Loved Lost

So, a loved one left us to go join the ancestors.

He was murdered, brutally and with unswerving intent. By the time the medics got to him he was brain dead.

It happened in an informal settlement, in a township. By the time medical help got to him he had been bleeding through his nose and mouth for well over an hour. Because of the tarred roads his blood had pooled around his head. It had not soaked into the ground, umhlaba.
Should we hope that his brain had been working such that he was capable still of great suffering, but ‘had the paramedics got there earlier they would have saved him’? Or should we hope that his brain went dead quite early on in his murder, and that even had the paramedics been as prompt as if he had been in the suburbs it would not have changed the outcome? Even our alternative worlds leave us anguished in the actual.

My loved one was murdered by an (South) African: young, male and by all accounts (certainly I, a black conscious theorist, must not escape this conclusion) a victim of his conditions. Where, oh where, is a clear and unambiguous villain when you need it most?

So, what am I dealing with here? This question is the conclusion I come to time and again. What, beyond the pain that constructs my reality, am I dealing with here?

Now, I am trained enough in formal logic to know that a conclusion is an element of an argument. All the elements of an argument are articulated in propositions. Questions, insofar as they are articulated to an argument, sometimes provide an occasion for advancing the elements of an argument, and therefore the argument. But questions are not, qua questions, elements of arguments. I should not, therefore, arrive at a conclusion stated in question form. I am, of course, permitted to restate my conclusion in proposition form.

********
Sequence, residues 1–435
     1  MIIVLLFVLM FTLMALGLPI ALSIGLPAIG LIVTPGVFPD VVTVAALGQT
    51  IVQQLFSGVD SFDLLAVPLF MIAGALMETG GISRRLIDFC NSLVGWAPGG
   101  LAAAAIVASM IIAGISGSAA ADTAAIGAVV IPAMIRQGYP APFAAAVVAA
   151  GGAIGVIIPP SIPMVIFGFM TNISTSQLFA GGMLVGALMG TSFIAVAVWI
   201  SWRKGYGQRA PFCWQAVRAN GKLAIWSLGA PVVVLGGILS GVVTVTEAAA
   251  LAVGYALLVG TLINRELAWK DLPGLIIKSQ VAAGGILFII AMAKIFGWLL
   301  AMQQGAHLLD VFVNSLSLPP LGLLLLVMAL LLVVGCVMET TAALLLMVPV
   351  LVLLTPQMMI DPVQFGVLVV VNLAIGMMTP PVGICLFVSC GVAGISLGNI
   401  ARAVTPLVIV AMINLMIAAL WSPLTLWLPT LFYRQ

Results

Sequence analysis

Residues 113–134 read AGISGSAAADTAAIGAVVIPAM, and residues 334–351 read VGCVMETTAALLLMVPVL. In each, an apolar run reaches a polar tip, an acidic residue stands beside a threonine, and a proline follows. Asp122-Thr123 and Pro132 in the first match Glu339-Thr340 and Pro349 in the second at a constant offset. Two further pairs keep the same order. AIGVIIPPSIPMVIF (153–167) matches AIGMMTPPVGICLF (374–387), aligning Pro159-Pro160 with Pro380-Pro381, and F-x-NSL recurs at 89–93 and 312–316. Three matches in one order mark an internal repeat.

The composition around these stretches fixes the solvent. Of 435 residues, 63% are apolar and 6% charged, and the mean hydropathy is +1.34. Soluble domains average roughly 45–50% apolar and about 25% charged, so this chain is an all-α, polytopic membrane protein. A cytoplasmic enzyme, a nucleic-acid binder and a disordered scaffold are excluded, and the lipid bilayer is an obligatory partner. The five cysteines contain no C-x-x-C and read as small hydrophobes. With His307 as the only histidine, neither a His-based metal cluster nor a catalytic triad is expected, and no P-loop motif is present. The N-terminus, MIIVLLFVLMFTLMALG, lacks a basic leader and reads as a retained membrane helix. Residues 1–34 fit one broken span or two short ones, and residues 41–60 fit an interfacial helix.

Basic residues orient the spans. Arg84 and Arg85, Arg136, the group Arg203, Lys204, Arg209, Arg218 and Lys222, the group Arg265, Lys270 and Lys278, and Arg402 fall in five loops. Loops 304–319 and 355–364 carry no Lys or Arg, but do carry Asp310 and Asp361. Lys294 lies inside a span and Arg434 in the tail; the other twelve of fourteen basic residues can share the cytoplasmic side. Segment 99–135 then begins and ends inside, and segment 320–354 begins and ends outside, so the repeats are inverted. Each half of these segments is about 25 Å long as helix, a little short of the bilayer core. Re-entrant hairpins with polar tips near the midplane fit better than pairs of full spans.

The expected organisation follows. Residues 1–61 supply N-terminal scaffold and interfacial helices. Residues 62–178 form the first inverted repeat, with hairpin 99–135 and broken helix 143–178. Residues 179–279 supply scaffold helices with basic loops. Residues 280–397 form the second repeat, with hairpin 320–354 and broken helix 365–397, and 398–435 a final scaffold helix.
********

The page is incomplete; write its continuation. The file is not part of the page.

But there it is, an element of a black consciousness: a conclusion stated in question form.
Released from sentences and propositions, with their drive towards clarity, symbolized by the full stop, my pain blurs at the edges. At the centre it remains sharply defined: I am bereaved and victim, the African male, by contrast, a villain and morally despicable. But at the peripheries, where my loved one has always resided (even in death he remains there) the pain requires active input from me to retain its character.

Speak Your Mind


Notify me of followup comments via e-mail. You can also subscribe without commenting.